Output: The string is printed to the standard output in Python, typically the console or terminal where the program is executed.

Hello and Welcome to PythonGuides

Below is the screenshot mentioned after implementing the code in the Pycharm editor.

python stdout

Python sys.stdout class

Here is an example of using the sys.stdout class in Python:

import sys

stdout_fileno = sys.stdout
sample_input = [
    "Welcome to the United States!",
    "Explore the Statue of Liberty in New York City",
    "Visit the Grand Canyon in Arizona",
    "Experience the magic of Disneyland in California"
]
for message in sample_input:
    stdout_fileno.write(message + '\n')

Output: Here, we are just iterating over the input data and writing the data as an output using sys.stdout in Python.

Welcome to the United States!
Explore the Statue of Liberty in New York City
Visit the Grand Canyon in Arizona
Experience the magic of Disneyland in California

Upon executing the code in PyCharm, the output can be viewed in the screenshot below.

python stdin stdout

stderr in Python

The Python stderr represents the standard error stream, which is used for displaying error messages and diagnostic information.

Unlike stdout in Python, stderr is typically not buffered, meaning that error messages appear immediately on the screen, even if stdout is redirected or piped. In Python, error messages and exceptions are automatically directed to stderr.

For instance:

import sys

try:
    result = 10 / 0
except Exception as e:
    print("An error occurred:", str(e), file=sys.stderr)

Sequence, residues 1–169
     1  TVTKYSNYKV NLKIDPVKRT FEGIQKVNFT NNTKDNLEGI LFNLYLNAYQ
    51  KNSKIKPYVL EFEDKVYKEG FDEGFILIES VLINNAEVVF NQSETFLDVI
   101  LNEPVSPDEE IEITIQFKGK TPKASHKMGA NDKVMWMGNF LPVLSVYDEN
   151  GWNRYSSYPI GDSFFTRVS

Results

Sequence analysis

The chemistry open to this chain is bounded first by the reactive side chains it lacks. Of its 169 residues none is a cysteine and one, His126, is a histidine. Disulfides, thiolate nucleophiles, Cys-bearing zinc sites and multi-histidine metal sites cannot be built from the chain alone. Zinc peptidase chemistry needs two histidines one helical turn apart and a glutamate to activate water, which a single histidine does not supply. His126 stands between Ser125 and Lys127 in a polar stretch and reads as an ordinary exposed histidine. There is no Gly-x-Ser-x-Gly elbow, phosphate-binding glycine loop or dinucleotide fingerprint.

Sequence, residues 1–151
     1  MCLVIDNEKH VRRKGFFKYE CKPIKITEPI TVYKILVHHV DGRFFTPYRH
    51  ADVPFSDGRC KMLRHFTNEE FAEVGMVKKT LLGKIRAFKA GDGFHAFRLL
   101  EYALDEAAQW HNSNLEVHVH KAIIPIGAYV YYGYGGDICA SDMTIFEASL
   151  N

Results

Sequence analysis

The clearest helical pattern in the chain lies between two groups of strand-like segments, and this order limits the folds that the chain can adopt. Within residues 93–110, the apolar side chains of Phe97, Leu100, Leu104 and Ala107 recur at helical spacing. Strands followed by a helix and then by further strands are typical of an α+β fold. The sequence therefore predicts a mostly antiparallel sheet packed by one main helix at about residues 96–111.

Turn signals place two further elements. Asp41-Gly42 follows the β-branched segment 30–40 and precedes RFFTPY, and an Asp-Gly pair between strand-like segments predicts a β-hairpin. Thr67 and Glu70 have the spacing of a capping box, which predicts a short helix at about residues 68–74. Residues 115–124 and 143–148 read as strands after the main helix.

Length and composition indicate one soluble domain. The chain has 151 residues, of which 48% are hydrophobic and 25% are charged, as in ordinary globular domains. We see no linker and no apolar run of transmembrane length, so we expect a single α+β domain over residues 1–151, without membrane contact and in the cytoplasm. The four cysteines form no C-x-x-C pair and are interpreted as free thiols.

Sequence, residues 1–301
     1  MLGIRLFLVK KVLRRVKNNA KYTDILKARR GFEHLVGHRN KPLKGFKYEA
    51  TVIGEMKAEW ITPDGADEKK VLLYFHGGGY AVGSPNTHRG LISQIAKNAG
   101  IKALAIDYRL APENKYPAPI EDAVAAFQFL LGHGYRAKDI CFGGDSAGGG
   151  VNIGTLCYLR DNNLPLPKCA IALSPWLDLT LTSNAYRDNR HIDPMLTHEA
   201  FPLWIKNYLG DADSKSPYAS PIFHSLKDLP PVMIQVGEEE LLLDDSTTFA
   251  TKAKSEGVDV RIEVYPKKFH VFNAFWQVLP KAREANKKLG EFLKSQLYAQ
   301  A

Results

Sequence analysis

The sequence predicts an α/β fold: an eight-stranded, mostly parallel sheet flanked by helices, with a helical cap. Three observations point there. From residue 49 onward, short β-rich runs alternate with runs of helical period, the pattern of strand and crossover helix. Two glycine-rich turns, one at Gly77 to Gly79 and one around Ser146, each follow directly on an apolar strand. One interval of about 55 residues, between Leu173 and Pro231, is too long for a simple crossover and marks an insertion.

Output:

An error occurred: division by zero

Refer to the screenshot below for the code implementation in the PyCharm editor.

python print stderr

Python sys.stderr class

Here is an instance to check how to use sys.stderr class in Python:

import sys

stdout_fileno = sys.stdout
stderr_fileno = sys.stderr
sample_input = ['New York', 'Los Angeles', 'Chicago', 'exit']
for input_data in sample_input:
    stdout_fileno.write(f"Processing: {input_data}\n")
    try:
        result = input_data + 100
    except Exception as e:
        stderr_fileno.write(f"Error processing '{input_data}': {str(e)}\n")

Output: We are iterating over our input data using a for loop in Python. and we are using our try and except blocks.
In the try block, we are trying to perform an operation that may raise an exception, and in the except block, we are catching the error and printing the error message through stderr in Python.

Processing: New York
Processing: Los Angeles
Processing: Chicago
Processing: exit
Error processing 'New York': can only concatenate str (not "int") to str
Error processing 'Los Angeles': can only concatenate str (not "int") to str
Error processing 'Chicago': can only concatenate str (not "int") to str
Error processing 'exit': can only concatenate str (not "int") to str

After implementing the code in the PyCharm editor, refer to the screenshot below.

stdin stdout stderr in python

Conclusion

After reading this, we came to know what Python – stdin stdout and stderr are in detail. They are essential components of the standard I/O system for input, output, and error handling in Python Programming.

Understanding how Python stdin, stdout, and stderr streams will help enhance our Python application’s functionality.

I have also explained how to use these in Python file handling.